Exposure assessments conducted by the Food and Drug Administration find that most American kids are exposed to food dyes. FDA has not yet published the full results, but according to results presented Aug. 13 at the 248th National Meeting of the American Chemical Society, estimates of at least 96 percent of children aged 2-5 years are exposed to Red 40, Yellow 5, Yellow 6 and Blue 1. In 2011, FDA’s Center for Food Safety and Applied Nutrition’s Food Advisory Committee concluded that, based on all available data, no causal link could be established between children’s consumption of synthetic color additives and adverse behavioral effects, including hyperactivity. But the committee did recommend additional research, including the exposure assessment. The assessment was based on the amount of Federal Food, Drug, and Cosmetic Act (FD&C) color additives in more than 580 food products and data from a two-day period of the 2007-2010 National Health and Nutrition Examination Survey of food consumption. It narrowed in on estimates for consumers aged 2 years or older, children aged 2-5 years, and teenage boys aged 13-18 years. Future work includes estimating exposure using 14-day food consumption data. And “FDA is reassessing the safety studies conducted on FD&C color additives that are available in its files,” the poster reads. “However, all exposure estimates for these color additives are well below the acceptable intake levels that have been established by FDA.” Responding to the data, Lisa Lefferts, senior scientist for the Center for Science in the Public Interest, said that, “Such widespread exposure to artificially colored foods is bad news for all children, since artificially colored foods aren’t healthy foods in the first place.” Researchers and parents have been debating for the past 40 years whether there’s a link between artificial coloring and hyperactivity in children. CSPI argues that common dyes do pose this and other health risks and has requested that FDA ban Red 40, Yellow 5, Yellow 6 and five other food dyes.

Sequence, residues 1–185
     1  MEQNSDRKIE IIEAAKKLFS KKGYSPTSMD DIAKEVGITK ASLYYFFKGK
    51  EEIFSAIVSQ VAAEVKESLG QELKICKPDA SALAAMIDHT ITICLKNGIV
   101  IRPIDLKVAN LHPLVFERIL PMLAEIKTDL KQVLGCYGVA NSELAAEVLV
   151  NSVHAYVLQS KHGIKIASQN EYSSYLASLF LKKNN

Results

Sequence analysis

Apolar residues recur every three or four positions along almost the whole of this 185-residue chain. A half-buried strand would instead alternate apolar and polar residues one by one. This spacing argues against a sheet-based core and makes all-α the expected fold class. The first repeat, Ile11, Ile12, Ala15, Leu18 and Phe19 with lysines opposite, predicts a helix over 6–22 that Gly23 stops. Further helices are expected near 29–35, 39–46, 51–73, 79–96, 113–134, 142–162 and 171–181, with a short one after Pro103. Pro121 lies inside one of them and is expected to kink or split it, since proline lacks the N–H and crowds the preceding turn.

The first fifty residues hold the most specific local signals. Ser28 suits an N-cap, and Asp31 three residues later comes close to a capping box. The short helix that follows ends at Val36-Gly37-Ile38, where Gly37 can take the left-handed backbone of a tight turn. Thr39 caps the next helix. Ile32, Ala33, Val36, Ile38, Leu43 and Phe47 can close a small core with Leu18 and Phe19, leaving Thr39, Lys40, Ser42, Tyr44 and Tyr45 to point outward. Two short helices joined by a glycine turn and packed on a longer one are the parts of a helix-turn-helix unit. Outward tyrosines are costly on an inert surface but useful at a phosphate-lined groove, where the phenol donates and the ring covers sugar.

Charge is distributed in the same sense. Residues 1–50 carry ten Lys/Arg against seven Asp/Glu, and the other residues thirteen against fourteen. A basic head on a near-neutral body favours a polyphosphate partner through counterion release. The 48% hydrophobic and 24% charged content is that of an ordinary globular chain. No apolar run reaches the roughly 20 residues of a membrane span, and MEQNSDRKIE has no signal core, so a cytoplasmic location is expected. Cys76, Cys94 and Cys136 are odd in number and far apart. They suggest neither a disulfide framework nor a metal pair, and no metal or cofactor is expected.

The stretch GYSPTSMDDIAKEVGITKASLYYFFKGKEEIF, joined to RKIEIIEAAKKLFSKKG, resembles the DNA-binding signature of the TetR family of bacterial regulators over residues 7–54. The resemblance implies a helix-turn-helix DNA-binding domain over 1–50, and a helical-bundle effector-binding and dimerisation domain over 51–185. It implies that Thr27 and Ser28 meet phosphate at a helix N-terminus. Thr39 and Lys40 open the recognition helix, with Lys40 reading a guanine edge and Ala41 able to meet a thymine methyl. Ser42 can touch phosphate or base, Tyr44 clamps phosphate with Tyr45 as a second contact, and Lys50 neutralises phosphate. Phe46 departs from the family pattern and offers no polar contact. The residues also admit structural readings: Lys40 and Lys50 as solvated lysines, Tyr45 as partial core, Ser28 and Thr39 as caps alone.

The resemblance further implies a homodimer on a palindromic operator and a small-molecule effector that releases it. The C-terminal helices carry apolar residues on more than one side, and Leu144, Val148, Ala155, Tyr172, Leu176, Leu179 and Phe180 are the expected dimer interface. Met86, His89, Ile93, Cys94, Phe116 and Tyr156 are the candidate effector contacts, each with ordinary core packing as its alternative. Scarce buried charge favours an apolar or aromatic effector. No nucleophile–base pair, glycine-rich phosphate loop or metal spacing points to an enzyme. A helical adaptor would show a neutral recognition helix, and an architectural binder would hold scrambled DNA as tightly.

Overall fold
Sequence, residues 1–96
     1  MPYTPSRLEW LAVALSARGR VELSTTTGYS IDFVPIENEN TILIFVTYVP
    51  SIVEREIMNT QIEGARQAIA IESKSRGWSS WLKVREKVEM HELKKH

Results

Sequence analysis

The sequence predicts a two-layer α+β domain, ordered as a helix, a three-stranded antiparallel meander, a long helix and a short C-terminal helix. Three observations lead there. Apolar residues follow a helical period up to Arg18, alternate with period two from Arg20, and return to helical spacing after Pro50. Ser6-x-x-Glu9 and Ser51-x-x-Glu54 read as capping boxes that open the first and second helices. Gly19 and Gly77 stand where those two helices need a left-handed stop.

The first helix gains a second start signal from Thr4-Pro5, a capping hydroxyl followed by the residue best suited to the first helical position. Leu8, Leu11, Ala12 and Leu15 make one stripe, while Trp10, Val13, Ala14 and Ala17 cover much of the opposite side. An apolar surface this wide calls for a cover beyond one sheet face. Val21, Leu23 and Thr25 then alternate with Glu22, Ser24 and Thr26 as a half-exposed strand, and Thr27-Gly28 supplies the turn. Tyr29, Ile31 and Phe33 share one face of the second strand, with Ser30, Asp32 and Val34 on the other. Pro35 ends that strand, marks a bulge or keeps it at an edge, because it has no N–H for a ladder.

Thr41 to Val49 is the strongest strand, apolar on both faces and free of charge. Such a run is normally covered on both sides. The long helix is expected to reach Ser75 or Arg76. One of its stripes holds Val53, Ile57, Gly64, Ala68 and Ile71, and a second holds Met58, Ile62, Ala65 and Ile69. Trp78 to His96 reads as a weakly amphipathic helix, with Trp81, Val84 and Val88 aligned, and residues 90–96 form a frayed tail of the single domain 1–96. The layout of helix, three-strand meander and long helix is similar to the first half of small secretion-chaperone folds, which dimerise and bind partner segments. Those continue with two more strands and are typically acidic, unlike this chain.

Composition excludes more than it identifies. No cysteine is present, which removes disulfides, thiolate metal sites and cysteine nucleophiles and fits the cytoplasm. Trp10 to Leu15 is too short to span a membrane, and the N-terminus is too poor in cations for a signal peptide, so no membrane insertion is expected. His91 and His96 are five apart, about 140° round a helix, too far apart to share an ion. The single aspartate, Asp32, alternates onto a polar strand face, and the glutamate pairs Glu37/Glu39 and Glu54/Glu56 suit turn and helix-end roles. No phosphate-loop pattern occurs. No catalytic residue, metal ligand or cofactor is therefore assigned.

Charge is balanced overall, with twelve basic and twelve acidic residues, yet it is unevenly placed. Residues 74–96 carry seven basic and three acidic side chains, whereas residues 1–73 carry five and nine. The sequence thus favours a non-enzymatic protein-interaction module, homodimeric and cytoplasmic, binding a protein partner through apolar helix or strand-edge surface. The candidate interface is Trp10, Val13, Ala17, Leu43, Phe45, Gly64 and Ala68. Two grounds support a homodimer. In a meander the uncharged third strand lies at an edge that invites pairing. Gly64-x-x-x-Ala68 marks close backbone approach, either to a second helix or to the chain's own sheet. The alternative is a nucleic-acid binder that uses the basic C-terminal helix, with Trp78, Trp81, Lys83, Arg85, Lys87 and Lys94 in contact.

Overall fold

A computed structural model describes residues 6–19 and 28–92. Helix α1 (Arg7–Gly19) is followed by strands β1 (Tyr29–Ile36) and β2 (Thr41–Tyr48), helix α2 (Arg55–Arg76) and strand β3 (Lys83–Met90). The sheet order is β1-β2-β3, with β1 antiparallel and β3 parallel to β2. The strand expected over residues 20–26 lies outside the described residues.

• It would be noteworthy to include some additional basic facts about these (and many other food dyes) such as the EU banning these from food products becasue they havent been proven safe. This concept is called the precautionary principle; a notion that basically states that when human or environmental health is at stake, it may not necessary to delay protective action for scientific certainty. Similarly we (the US) have failed in issues of lead-based paint, trilcosan, DDT, asbestos, etc.., where inaction has led to hundreds and thosands of illness and premature morbidity and mortality associated with exposure.

    • BluebirdofUnhappiness

      When did this EU ban take place? Because as far as I’ve heard, they may be used with a warning label about hyperactivity. http://www.food.gov.uk/science/additives/foodcolours So if you want to include “basic facts” a fact-checking step would be helpful.

  • tallen2007

    FDA Assessment: Most Children are Exposed to Food Dyes How much tax payer money did it take for the FDA to figure this out?